Washington D.C., May 10, 2012 / 02:06 pm (CNA/EWTN News).- Cardinal Timothy M. Dolan is charging President Barack Obama with undermining the “very cornerstone of society” by supporting “gay marriage.”
Cardinal Dolan, president of the U.S. Conference of Catholic Bishops, described the president’s endorsement as “deeply saddening.”
The bishops “cannot be silent in the face of words or actions that would undermine the institution of marriage, the very cornerstone of our society,” he said in a May 9 statement. “The people of this country, especially our children, deserve better.”
Cardinal Dolan said that the announcement was “not surprising” based on the Obama administration’s previous actions, which “erode or ignore the unique meaning of marriage.”
He called for prayer and efforts to “promote and protect marriage” in order to “serve the true good of all persons.”
In an unprecedented move, Obama announced his support for “same-sex marriage” in a May 9 interview with ABC News’ Robin Roberts.
“I’ve just concluded that for me personally it is important for me to go ahead and affirm that I think same-sex couples should be able to get married,” he said.
The announcement came just days after U.S. Vice President Joe Biden told NBC’s David Gregory that he is “absolutely comfortable” with the idea of homosexual couples marrying.
Previously, Obama had stopped short of endorsing “gay marriage,” saying instead that he opposes discrimination against gay individuals but that his views on the question of marriage were “evolving.”
However, his actions as president have won the praise of gay advocacy groups.
His administration announced in Feb. 2011 that it would not uphold the 1996 Defense of Marriage Act, which defines marriage as the union of one man and one woman for federal purposes.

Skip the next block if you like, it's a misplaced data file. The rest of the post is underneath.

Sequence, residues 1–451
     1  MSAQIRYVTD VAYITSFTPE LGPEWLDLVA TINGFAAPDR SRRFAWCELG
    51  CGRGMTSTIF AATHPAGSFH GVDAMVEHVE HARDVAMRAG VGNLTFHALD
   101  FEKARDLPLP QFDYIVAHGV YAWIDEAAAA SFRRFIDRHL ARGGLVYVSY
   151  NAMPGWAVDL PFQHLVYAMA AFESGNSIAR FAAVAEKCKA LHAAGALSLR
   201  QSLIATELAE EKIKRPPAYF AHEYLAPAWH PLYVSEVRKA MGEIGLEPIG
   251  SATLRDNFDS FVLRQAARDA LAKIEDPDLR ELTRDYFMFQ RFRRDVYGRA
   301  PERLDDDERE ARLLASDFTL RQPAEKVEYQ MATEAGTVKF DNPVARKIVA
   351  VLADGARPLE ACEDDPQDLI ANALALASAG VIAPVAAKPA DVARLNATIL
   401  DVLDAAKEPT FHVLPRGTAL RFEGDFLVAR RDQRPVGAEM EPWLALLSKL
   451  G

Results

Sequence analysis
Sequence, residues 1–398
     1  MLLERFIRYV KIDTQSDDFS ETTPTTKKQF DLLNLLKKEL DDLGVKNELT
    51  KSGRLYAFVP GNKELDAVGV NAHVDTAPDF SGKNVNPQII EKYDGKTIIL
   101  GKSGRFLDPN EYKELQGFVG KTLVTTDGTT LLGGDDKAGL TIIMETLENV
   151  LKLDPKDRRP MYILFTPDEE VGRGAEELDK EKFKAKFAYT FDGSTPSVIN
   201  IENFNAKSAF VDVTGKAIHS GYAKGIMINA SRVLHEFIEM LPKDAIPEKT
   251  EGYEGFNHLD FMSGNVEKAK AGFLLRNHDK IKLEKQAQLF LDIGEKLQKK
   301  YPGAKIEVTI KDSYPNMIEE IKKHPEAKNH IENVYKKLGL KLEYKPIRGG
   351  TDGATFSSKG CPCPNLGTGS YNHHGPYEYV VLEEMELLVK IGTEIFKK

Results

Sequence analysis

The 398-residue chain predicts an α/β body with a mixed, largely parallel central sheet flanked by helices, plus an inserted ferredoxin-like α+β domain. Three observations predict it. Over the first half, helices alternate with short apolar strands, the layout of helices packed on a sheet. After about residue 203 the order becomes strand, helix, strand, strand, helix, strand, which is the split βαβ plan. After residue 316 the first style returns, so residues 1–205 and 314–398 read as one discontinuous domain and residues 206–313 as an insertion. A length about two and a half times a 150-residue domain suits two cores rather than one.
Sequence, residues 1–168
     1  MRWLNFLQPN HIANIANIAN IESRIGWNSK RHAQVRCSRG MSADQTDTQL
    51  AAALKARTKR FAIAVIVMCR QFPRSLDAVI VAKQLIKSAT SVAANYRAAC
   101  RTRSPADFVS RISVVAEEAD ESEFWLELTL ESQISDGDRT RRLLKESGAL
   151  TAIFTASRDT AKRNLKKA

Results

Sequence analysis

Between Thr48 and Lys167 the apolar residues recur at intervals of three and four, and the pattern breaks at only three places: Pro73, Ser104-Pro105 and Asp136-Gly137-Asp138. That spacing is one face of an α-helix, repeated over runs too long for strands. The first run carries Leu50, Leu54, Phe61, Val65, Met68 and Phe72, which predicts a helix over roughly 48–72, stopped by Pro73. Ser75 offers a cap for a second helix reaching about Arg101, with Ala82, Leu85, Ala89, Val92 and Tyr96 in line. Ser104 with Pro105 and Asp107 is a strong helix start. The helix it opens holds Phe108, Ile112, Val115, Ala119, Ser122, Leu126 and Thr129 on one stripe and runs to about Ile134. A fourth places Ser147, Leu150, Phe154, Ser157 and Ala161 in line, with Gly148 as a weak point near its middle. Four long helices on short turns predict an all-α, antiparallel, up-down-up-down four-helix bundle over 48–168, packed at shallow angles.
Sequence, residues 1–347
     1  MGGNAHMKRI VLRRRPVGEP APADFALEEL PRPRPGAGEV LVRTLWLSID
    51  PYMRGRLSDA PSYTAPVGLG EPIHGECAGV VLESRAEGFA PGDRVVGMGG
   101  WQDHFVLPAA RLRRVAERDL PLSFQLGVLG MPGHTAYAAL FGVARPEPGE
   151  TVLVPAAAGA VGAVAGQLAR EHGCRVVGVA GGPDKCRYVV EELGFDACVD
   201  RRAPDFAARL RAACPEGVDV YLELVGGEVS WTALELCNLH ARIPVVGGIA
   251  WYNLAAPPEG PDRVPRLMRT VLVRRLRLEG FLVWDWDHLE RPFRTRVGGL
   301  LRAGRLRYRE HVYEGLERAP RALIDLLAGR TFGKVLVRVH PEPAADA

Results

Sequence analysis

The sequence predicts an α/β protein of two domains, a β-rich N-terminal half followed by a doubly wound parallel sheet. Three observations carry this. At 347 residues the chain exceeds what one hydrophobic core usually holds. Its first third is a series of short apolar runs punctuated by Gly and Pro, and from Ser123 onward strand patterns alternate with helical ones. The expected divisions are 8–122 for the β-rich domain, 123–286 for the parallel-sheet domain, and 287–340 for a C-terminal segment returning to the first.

He also signed a law repealing the “Don’t Ask, Don’t Tell” policy, allowing homosexuals to serve openly in the military.
Obama’s latest statement places him in firm disagreement with presumptive GOP presidential nominee Mitt Romney, who has signed a pledge to uphold marriage as the union of one man and one woman.
Romney was quick to voice his opposition to Obama’s stance.
“I have the same view on marriage that I had when I was governor and that I’ve expressed many times,” he said at a May 9 campaign event in Oklahoma. “I believe marriage is a relationship between a man and a woman.”
He explained that states can “make decisions with regards to domestic partnership benefits, such as hospital visitation rights,” but “marriage itself is a relationship between a man and a woman.”
Several political commentators have suggested that Obama’s support for “gay marriage” does not reflect the views of the American people and could have a significant political impact in the November 6, 2012 election.
“Marriage was created long before any government came into existence,” said Catholic Advocate president Matt Smith.
He warned that if Obama’s advocacy for same-sex “marriage” succeeds, “Catholic institutions could be forced once again to violate our beliefs.”
“Many faithful Catholics were fooled by clever political rhetoric in 2008,” added Smith. “This year, the anti-Catholic record of the Obama administration should inform their vote.”
So far, 30 states have passed constitutional amendments banning “gay marriage,” including North Carolina, where voters approved such a measure by an overwhelming margin on May 8.
Tony Perkins, president of the D.C.-based Family Research Council, pointed to the recent North Carolina vote as evidence that “redefining marriage remains outside the mainstream of American politics, especially in the critical battleground states and among minority voters.”
He observed that the North Carolina amendment received over 60 percent of the vote in majority-black counties.
A Pew Research Center survey in April 2012 found that only 39 percent of African Americans are in favor of “gay marriage.”
Perkins noted that 10 of 16 key battleground states have passed amendments to protect marriage. He said that Obama’s announcement “ensures that marriage will again be a major issue in the presidential election.”